Thursday, August 13, 2009

Guerrilla Warfare: Appropriation In A Post-Contextual World

The first time I heard M.I.A.'s "Paper Planes", I was really put off by the fact that the basis for the song was "Straight To Hell" by the Clash. Not that it was sampled, not that there was a reference, but if you removed the Clash from that song, there'd be very little left other than the vocal melody and some sound effects. The person who played it for me had never heard the original, and was a little defensive about it, ultimately claiming that it didn't matter, and the M.I.A. track was so brilliant.

It ain't bad, it was one of my favorite songs of last summer's hit parade, but it's existience brings up a lot of questions that I'm not sure of my feelings on. It would be easy to take the "old man" standpoint and grouse about the kids and their thievery, but I'm not so certain.

My first concern was that it would kill the power of the original. Now, I don't know if anything can do that, in this particular case. If it were something like "Footloose", maybe it would be a different story, but the original "Straight To Hell" was a wildly impressionistic view of the effects of the Vietnam war and culturual imperialism that was spreading faster and faster in a pre-Internet age. As a product of the British punk and post-punk culture, M.I.A. certainly understood this when she used the song, in my opinion, turning the sample into a soundtrack for the lyrics to be set to... her tales of young thugs, when set to the backing that has a pre-existing context of the poor and destroyed villages of Vietnam, conjures up images of herself as a third-world outlaw, swaggering Robin Hood-like through the slums, a self made queenpin of the ghetto, like Ivan in The Harder They Come. It's a starkly vivid image - for someone who knows the context of the original. Since I've known that Clash song for ages, I find myself wondering if people who DON'T know "Straight To Hell" would have the same response to it. In essence, does this song suffer for the fact that a large portion of it's intended audience doesn't get the message?

The flipside to this is the question of whether or not there is any potential loss of impact and meaning in the original song. The Clash will always be important to me, but by their very nature I don't hold their music sacred. Their records, I feel, will stand up to anything, so I don't need to champion them. However, is there a chance that if "Straight To Hell" is heard in a movie or on TV (because let's forget the radio), will it then be seen by post-M.I.A. listeners as "that song she sampled"? Sure, the song is powerful, but it has to be LISTENED to to retain that power. If it's summarily dismissed before it's even listened to, how can it retain the same impact?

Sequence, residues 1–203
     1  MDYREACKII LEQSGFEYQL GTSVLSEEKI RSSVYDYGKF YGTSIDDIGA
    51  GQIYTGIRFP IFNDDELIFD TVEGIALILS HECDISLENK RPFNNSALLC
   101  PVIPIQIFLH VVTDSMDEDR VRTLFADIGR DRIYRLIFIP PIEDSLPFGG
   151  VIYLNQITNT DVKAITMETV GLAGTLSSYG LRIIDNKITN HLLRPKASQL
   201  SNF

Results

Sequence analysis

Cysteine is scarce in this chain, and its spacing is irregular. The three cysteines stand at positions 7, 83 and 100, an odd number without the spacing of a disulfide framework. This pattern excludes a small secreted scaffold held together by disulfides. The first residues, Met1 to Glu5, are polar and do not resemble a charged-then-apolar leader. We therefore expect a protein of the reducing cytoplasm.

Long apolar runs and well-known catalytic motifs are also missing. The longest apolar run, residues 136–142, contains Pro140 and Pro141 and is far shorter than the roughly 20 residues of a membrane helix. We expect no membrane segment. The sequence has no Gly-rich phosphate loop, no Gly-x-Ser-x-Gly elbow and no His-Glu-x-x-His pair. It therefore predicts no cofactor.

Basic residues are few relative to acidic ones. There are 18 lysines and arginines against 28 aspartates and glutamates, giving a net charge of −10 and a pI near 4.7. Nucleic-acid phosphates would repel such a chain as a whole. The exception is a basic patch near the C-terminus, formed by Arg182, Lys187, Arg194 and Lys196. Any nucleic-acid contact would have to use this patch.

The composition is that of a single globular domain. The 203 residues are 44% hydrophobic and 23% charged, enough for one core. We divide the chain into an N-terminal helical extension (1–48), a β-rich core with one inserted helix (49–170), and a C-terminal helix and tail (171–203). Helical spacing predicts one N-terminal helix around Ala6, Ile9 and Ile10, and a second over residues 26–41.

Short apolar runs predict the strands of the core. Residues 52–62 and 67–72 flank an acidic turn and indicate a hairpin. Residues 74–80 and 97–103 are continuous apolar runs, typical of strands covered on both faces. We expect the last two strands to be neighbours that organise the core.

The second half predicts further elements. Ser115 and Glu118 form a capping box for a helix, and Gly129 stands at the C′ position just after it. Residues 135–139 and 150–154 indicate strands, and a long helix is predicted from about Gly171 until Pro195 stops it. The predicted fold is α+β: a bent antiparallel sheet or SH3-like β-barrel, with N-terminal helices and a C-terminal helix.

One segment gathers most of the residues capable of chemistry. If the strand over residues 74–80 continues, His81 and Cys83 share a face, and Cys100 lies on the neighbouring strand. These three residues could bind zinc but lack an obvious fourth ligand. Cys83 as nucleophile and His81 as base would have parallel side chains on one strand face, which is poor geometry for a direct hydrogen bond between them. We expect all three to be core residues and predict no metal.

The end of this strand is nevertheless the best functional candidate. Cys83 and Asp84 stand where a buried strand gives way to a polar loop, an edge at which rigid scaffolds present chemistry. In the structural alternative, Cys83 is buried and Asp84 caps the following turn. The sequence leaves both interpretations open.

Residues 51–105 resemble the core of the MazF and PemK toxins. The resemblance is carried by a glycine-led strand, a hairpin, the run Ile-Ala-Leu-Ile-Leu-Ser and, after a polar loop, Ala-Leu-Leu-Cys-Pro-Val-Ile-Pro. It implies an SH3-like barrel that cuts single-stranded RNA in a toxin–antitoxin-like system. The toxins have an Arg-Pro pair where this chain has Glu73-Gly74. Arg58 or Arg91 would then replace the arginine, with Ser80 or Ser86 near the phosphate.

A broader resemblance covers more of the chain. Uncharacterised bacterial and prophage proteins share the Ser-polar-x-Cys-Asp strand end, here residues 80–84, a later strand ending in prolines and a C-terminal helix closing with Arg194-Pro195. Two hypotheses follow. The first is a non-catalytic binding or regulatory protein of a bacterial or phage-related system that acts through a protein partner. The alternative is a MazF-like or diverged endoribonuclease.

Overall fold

Of course, this is all just a microcosm of the post-modern sample effect. Not that I hold too many sacred cows, but isn't there a danger that if everything is just a sound to be sampled, will there be any meaning left to anything when the dust settles? I've often claimed that by trendspotting and jumping from whatever is trendy to the next big thing, hipsters tend to hold everything at arm's length and never connect to anything. I firmly believe that the marketplace for creativity will ultimately prevail, but if there's no context for anything, how can anything have any emotional impact? If Puff Daddy sampling the Police didn't call to mind the melancholy of the original song, wouldn't his tribute to Biggie have just been augmented by a weird guitar line?

In my view, the point of sampling is to recontextualize a moment, which means placing the original moment, meaning and all, into another context, thereby transforming the new work's sentiment based around the original's subtext. Without that grounding, or something like it, everything becomes meaningless, just so much sound to be manipulated coldly, never intending to allow the context of the original moment through, merely creating an infinte digital cache of notes to be rearranged ad nauseum.

Is everything just sound? Does the concept of "purpose" have any place in the Digital Age? I don't know. I'm too old. But I think there is a major shift happening, when teen-idol pop stars can create "new" songs simply by putting a new melody and lyrics over a Beatles backing track. M.I.A. was most certainly aware of what she was doing, and while I guess she hit a nerve with my love of the Clash, she did a good job by using the original song's original meaning to enhance her new concept. It's just a shame that some of her audience isn't as well-informed as she is - they're only getting half the picture.

No comments:

Post a Comment